Federal Environment Minister Leona Aglukkaq signed off on Pretivm’s Brucejack Gold Mine Project Thursday. The mine site is about 65 kilometres north of Stewart, near where Seabridge Gold’s KSM gold mine site also received federal and provincial approval last year.
The environmental assessment approval also came with a project recommendation determining the potential effects of the mine under the Nisga’a Final Agreement (NFA) signed in 2000, described by the federal government as a modern treaty signed by the governments of Canada, British Columbia and the Nisga’a Nation.
“I have determined that the designated project can reasonably be expected to result in adverse, but not significant, environmental effects on Nisga’a interests related to fisheries, wildlife, migratory birds, and access for Nisga’a citizens to the Nass Area that overlaps the project site,” stated Aglukkaq.
Nisga’a and Pretivm signed an economic benefits deal tied to the project in early April, days after it received provincial environmental clearance.
Pretivm president and CEO Robert Quartermain said in the spring that his Vancouver-based company would need 800-900 employees for construction. The mine itself would have 500 employees working over its 18-year operating life. Construction is expected to be completed in 2017.
The CEO said the company’s policy is to hire as many people from northwest B.C. as possible to work at extracting the 2,700 tonnes of ore per day. He pointed to his past experience running mining company Silver Standard Resources in South America as an example of local hiring practices he aims to achieve.
“We built one mine in Argentina and over 90 per cent of the employees were individuals who lived within a couple hundred kilometre catchment radius.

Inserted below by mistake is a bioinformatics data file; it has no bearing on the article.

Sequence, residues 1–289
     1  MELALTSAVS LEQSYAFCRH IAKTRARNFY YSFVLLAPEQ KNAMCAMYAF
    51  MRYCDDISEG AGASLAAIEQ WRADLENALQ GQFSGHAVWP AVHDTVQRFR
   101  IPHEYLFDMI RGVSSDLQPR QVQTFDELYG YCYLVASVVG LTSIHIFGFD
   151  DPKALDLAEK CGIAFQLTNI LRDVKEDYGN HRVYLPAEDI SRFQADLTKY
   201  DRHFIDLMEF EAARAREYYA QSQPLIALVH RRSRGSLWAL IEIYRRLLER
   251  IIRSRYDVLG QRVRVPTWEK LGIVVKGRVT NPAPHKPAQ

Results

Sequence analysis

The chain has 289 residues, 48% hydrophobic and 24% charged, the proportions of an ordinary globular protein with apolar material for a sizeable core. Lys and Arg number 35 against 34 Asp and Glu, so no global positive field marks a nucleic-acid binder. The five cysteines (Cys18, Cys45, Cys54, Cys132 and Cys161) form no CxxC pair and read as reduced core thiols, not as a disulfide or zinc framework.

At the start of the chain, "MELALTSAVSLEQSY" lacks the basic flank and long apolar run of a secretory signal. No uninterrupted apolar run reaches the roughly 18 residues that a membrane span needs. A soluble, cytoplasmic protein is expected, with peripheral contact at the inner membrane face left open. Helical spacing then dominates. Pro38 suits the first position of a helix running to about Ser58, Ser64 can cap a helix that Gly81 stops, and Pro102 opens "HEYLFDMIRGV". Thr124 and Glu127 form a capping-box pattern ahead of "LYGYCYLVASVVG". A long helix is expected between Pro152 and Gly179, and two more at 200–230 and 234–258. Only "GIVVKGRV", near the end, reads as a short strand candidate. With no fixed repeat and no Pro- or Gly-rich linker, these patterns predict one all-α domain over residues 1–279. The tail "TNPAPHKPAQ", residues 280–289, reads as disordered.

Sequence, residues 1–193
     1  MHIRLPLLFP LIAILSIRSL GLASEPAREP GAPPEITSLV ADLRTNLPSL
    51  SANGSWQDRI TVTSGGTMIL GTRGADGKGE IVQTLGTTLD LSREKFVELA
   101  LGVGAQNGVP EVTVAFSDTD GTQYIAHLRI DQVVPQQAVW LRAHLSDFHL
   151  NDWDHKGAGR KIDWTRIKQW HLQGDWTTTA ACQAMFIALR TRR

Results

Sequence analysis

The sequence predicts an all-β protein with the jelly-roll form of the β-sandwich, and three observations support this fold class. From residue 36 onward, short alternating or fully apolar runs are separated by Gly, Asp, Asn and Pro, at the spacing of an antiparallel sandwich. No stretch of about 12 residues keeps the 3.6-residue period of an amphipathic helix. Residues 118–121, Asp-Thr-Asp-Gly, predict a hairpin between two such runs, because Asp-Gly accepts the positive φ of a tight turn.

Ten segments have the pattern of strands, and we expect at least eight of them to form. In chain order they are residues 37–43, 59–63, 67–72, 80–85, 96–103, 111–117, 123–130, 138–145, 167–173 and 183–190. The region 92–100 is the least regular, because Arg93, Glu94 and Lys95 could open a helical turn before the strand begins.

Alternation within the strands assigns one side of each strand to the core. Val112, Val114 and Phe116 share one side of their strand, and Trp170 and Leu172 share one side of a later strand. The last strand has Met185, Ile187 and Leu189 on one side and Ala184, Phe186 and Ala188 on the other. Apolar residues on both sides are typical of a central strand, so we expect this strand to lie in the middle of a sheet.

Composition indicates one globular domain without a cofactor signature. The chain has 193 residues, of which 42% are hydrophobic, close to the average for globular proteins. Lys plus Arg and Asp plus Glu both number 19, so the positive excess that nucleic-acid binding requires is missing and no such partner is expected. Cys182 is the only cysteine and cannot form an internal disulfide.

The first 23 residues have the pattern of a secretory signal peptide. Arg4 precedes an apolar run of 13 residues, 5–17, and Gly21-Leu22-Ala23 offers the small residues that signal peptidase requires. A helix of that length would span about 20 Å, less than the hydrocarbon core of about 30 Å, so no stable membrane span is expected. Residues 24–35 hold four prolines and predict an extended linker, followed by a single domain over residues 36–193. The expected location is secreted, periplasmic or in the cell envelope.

“So here I expect we will be employing people from Smithers, Terrace, New Hazelton, up through Gitanyow, Stuart and Dease Lake,” said Quartermain in an interview with The Interior News after the April provincial environmental assessment approval.
The project will not have a tailings pond, but instead deposit tailings paste from a plant on the surface into Brucejack Lake.
“Because it’s underground, about half the material we actually mine will go back into the underground facilities themselves as paste backfill, said Quartermain.
“The other material will go into Brucejack Lake, and this is a lake which has no fish in it. The closest fish to us are 20 kilometres downstream… We have a very small environmental footprint, less than 10 hectares because of the high grade nature of the project,” added Quartermain.
The mine is within the Regional District of Kitimat-Stikine and on traditional Nisga’a territory. The provincial approval comes with 15 conditions which include communicating with aboriginal groups and regional communities about economic and training opportunities and mitigations for avoiding adverse social impacts.
“The Skii km Lax Ha have asserted rights of interest in traplines along our access road. The Nisga’a have rights, this is within their sealand area; and then the Tahltan are largely to the north of us but also have some asserted rights at the start of our access road,” said Quartermain, who added jobs and training will be offered to members of the local First Nations.
The 30-member Skii km Lax Ha largely live in the Hazeltons.
Quartermain came out of retirement to purchase Brucejack from Silver Standard in 2010, raising $283 million in Canada’s third-largest initial public offering according to Pretivm’s CEO and first shareholder.
“B.C. is known as a mining-friendly jurisdiction. There are many mines operating in this province, and many mines are continuing to be permitted. In a global basis, it often takes a long time to be permitted an operation. In the case of Pretivm, we only discovered high grade gold in 2011 and here we are now and we’re already through the environmental process getting ready to start construction once we receive the permits,” said Quartermain, adding the company has spent about $300 million up to this point, mostly in northern B.C.
The project would draw power from the provincial grid by building a 57km transmission line from the minesite to the Long Lake hydro project.